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Phillip Lopate describes the shape of Manhattan Island as‘a luxury liner, permanently docked, going nowhere’. This feeling of being tethered to the land, unable to get to sea, was a feature of New York life for much of the twentieth century. New York was an island without a coast. The West Side piers that once welcomed the Lusitania spent most of the twentieth century crumbling or behind barbed wire, while the East Side’s coves and points were cut off from pedestrians by six lanes of the Robert Moses-designed Franklin Delano Roosevelt Drive. It wasn’t much easier to reach the shores of Brooklyn, Queens or the Bronx, either: with a few exceptions, they were largely reserved for municipal or industrial use, and easiest to see from the Staten Island Ferry (en route to the borough with the most beaches). Now, slowly, the city is reclaiming its shoreline, with some spectacular results.

The River and the Skull by Rich Villar

OBJECT: Human Skull

BODY OF WATER: Bronx River

 

for John Rodriguez

1
The Skull of Jordan L. Mott

This is all mine.
The iron they pull from the water
came from my hands.
You can find me, if you don’t believe me,
in the names you hold in your teeth
like a pipe. In the smoke rising
over Mott Street, Mott Haven,
Mott Ironworks. The root is mine.
The name is mine. Your heroes died
on streets named after my grandchildren.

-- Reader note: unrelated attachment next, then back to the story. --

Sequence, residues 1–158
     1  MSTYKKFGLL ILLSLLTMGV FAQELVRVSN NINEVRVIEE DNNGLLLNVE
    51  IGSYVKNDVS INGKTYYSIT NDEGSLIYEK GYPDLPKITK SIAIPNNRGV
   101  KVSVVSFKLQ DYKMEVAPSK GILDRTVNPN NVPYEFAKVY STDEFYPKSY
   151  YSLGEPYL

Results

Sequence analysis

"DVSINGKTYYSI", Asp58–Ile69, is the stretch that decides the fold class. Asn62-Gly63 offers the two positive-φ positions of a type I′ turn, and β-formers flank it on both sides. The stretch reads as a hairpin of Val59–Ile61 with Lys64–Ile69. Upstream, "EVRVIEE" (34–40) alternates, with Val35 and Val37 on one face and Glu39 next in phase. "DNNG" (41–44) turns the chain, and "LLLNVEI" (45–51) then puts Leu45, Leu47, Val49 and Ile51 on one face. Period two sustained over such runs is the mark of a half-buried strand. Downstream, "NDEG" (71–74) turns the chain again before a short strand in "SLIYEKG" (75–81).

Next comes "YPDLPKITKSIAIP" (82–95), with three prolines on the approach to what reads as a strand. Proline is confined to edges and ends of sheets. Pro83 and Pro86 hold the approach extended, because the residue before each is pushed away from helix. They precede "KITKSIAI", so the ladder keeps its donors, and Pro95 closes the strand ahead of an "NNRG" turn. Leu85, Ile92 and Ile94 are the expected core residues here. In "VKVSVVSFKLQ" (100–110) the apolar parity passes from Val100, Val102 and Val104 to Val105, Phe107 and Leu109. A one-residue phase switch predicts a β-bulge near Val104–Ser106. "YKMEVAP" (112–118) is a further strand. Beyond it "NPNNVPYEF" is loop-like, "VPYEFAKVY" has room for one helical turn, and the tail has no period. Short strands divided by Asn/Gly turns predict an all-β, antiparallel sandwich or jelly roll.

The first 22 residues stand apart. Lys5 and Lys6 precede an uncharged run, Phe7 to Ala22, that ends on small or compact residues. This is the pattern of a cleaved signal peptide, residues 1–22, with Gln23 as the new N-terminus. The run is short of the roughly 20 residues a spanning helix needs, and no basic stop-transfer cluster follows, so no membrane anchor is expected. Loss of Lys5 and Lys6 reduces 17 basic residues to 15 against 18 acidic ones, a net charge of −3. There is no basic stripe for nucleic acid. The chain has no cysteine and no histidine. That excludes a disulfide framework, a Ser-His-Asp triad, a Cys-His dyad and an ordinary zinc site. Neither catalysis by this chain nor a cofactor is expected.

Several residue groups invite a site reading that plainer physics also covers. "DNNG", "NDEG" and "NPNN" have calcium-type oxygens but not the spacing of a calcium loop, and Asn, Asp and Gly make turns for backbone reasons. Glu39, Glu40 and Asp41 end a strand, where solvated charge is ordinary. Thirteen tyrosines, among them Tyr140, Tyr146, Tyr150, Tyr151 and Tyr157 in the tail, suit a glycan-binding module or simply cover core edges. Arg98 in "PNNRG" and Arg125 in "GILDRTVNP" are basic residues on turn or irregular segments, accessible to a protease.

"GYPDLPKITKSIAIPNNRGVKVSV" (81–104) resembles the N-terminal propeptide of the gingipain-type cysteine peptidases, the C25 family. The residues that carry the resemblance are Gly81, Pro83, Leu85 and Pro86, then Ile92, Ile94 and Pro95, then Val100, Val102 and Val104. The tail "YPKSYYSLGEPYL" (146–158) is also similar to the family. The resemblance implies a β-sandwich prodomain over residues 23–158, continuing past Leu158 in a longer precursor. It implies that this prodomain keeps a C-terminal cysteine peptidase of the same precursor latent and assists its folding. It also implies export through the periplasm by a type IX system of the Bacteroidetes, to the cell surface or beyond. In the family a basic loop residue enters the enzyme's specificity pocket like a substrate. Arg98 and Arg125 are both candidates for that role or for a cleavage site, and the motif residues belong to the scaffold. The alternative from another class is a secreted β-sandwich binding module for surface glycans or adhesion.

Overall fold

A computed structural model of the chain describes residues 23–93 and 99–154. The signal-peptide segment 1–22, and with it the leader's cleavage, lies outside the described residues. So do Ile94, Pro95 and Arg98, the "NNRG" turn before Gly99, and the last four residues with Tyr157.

My picture hangs in Cooper Union
in a painting called Men of Progress.
What do you know about progress
that hasn’t been hitched to the backs
of what I created for you? Gratitude,
if you please, for I gave you the iron
bleeding heat into your apartments.
Without me, you would not know steam
on your grandmother’s kitchen windows,
the poems you think you pull from the air.
Even the river belonged to someone once.
Jonas Bronck’s River, which flowed past
my doors once. This is my birthright.
I earned this. What pride do you carry
that I didn’t forge first?

2
The River

A man sings: Cada cabeza es un mundo.
Yours was the world you needed.
Iron will rust. The factories repurposed.
Everything comes back to water.
What does it say, then,
when even I won’t keep you?

 


Rich Villar is a writer originally from Paterson, New Jersey. He directs Acentos, an organization fostering audiences and community around Latino/a literature. He has been quoted on Latino literature and culture by both The New York Times and the Daily News, and his poetry and essays have appeared or are forthcoming in Black Renaissance Noire,Hanging LooseBeltway Poetry QuarterlyAmistadLatino Poetry Review, and the acclaimed chapbook series Achiote Seeds. Since 2003, he has served as co-curator and facilitator for the Acentos Bronx Poetry Showcase and the Acentos Writers’ Workshops, both in the South Bronx. His first collection, Comprehending Forever, is a finalist for the 2013 Willow Books Literature Award for poetry.